While foreign minister Dunya has previously spoken out about the case, noting the importance of protecting free speech, President Yameen has yet to comment on the matter beyond a brief remark made shortly after the disappearance.

Rilwan’s brother told Avaaz that international pressure was the only thing that would make the authorities act, noting the country’s heavy reliance on the billion dollar tourism industry.

“This Sunday [January 8] it will be 6 months since Rilwan disappeared. When we get to 50,000 signatures, Avaaz will take out ‘Missing person’ ads in major Maldivian newspapers and launch a massive media awareness campaign on the extremism and corruption in my beautiful islands,” said Moosa.

“Please join my family’s search for Rilwan.”

Avaaz previously launched a Maldives campaign in March 2013, calling for the flogging sentence given to a 15-year-old rape victim to be rescinded.

After 2 million people signed the petition, the High Court overturned the sentence in August 2013.

Deputy Minister of Tourism at the time of the first petition Mohamed Maleeh Jamal – now minister of youth and sports – called the campaign’s motive “dubious”.

Meanwhile, then President Dr Mohamed Waheed – to whom the petition was addressed – thanked the international community for its concern but warned against calls for a tourism boycott.

In response, Avaaz Executive Director Ricken Patel denied a boycott had been called for, suggesting that tourists had the right to know the issues of countries they intend to visit.

“Around the world people are interested (and have a right to know) what kind of systems they’re supporting with their tourism dollars, and to make their holiday decisions accordingly,” said Patel.

Sign the petition here


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Maldives not obliged to consult neighbours before joining China’s Silk Route, says foreign minister

The Maldives, as an independent and sovereign nation, is not obliged to consult other countries before making foreign policy decisions, foreign minister Dunya Maumoon told the People’s Majlis today.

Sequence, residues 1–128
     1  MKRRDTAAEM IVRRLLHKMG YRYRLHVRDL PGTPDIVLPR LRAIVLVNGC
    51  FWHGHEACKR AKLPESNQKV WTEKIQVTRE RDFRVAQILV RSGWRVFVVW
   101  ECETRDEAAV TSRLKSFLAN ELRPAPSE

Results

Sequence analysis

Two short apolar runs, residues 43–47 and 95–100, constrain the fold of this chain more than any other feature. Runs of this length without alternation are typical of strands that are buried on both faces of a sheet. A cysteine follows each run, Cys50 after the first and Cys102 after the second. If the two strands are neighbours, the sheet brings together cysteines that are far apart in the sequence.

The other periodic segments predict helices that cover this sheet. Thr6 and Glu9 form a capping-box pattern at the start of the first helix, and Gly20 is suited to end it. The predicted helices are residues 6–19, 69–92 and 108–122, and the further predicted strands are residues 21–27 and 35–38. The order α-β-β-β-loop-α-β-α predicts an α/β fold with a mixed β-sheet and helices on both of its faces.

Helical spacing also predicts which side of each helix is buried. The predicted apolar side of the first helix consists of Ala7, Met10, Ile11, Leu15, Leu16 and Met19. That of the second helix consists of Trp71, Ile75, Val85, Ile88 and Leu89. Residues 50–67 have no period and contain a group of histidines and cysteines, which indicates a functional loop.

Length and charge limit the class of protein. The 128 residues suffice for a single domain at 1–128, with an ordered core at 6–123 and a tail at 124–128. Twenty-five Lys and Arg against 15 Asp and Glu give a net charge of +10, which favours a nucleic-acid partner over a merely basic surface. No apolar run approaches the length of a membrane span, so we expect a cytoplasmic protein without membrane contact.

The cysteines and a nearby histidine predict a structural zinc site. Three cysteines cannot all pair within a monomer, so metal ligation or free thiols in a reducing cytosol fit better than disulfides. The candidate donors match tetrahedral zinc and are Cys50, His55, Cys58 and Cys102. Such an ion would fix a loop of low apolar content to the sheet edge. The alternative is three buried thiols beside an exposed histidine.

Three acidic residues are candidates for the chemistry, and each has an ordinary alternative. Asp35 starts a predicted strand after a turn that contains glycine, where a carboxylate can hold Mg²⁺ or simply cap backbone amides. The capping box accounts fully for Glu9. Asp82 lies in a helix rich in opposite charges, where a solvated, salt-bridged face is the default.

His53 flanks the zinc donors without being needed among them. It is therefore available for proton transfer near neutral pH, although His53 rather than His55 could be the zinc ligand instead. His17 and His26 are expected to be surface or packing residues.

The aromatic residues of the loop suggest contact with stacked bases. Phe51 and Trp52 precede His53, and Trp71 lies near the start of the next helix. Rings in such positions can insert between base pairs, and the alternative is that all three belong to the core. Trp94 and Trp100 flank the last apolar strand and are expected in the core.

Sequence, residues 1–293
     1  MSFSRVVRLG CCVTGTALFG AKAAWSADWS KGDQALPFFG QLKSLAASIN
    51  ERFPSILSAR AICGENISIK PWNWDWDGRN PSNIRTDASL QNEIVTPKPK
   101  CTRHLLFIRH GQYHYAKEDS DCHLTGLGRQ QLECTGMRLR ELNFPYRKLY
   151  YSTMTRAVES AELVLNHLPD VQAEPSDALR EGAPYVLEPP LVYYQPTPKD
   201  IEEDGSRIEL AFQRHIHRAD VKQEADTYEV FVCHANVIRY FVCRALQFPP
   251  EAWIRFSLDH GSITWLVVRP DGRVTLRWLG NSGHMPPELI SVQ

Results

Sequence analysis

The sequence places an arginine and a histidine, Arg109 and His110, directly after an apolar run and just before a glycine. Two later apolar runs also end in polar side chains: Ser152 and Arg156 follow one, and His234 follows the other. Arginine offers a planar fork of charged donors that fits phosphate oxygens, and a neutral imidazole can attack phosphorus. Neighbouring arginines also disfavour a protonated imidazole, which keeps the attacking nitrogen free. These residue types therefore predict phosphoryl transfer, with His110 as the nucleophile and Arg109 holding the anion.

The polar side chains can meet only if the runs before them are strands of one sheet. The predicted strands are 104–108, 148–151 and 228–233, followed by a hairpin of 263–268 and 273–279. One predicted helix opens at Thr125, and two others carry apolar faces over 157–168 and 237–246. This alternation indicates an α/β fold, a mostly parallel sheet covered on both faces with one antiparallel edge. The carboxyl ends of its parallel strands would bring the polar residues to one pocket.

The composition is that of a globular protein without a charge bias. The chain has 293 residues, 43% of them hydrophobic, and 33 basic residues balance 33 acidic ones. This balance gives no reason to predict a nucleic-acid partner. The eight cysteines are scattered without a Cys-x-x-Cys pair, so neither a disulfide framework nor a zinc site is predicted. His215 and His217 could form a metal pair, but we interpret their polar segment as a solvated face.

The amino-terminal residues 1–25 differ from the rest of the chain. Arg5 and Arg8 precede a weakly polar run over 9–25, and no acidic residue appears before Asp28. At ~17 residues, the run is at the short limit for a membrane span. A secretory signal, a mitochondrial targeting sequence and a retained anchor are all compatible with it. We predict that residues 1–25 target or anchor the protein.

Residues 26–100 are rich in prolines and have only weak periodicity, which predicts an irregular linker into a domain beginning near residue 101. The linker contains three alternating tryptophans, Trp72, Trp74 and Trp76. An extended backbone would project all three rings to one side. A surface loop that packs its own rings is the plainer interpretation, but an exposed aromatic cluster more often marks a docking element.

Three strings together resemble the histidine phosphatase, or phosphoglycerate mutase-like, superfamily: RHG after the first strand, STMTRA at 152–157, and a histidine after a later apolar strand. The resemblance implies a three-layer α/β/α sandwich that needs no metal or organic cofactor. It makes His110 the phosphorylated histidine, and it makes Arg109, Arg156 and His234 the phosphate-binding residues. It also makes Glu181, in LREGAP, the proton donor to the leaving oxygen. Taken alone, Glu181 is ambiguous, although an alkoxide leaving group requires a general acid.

The foreign minister appeared in parliament to respond to a question tabled by opposition Maldivian Democratic Party (MDP) MP Ahmed Nashid concerning the Maldives’ participation in the Chinese ’21st Century Maritime Silk Route’ initiative.

President of the People’s Republic of China Xi Jingping has called on the Maldives “to get actively involved” in the creation of a maritime trade route linking China to the east coast of Africa and the Mediterranean.

Nashid, MP for Shaviyani Komandoo, asked whether neighbouring countries in the Indian Ocean were consulted before the decision was made.

“If we join this project, is it likely that the longstanding close relations we have with neighbouring countries could be adversely affected?” he asked.

In response, Dunya noted that the agreement signed with the British in 1965 to secure independence “states in clear language that the Maldives is not obliged to consult or seek consent or approval from any other nation to implement Maldivian foreign policy.”

Former Presidents Ibrahim Nasir and Maumoon Abdul Gayoom did not join any “military or political alliance” during the Cold War, she added, out of fear of losing the independence gained in 1965 as the Maldives would be obliged to consult major powers before making foreign policy decisions.

“We should all know that the interest of any foreign country should not take precedence over Maldivian national interest,” she said.

MDP MP Ibrahim Mohamed Didi – a retired brigadier general – asked whether relations with India could deteriorate if Chinese naval activity is conducted in a Maldivian port, which would threaten Indian “geopolitical interests”.

Dunya declined to answer citing national security concerns and advised raising the issue through parliamentary committees.

Asked if India has expressed concern with the decision, Dunya said the Indian government also welcomed the Silk Route initiative during Chinese President Xi’s visit to New Delhi in September.

Foreign policy

Dunya said President Abdulla Yameen’s foreign policy was based on Article 115(d) of the Constitution, which states that the president has a duty “to guarantee the independence and territorial integrity of the Maldives, and to promote respect for national sovereignty in the international community.”

The government decided to participate in the Silk Route initiative as it would promote national interest and benefit the Maldivian people through trade and commerce, she said.

Dunya referred to a joint communique issued during President Xi’s state visit in the Maldives in September, which declared that the Maldives “welcomes and supports the proposal put forward by China to build the 21st Century Maritime Silk Road, and is prepared to actively participate in relevant cooperation”.

Fostering ties with South Asian countries and ensuring national security was one of the most important aims of the government’s foreign policy, she continued, noting that Maldivian security was intertwined with Indian Ocean regional security.

The Maldives would consult all nations and work together to ensure regional security and stability, she assured.

Former President Mohamed Nasheed has criticised the decision to join the Silk Route initiative, contending that it would threaten Indian Ocean security and risk putting the Maldives in the middle of war or disputes between Asian powers.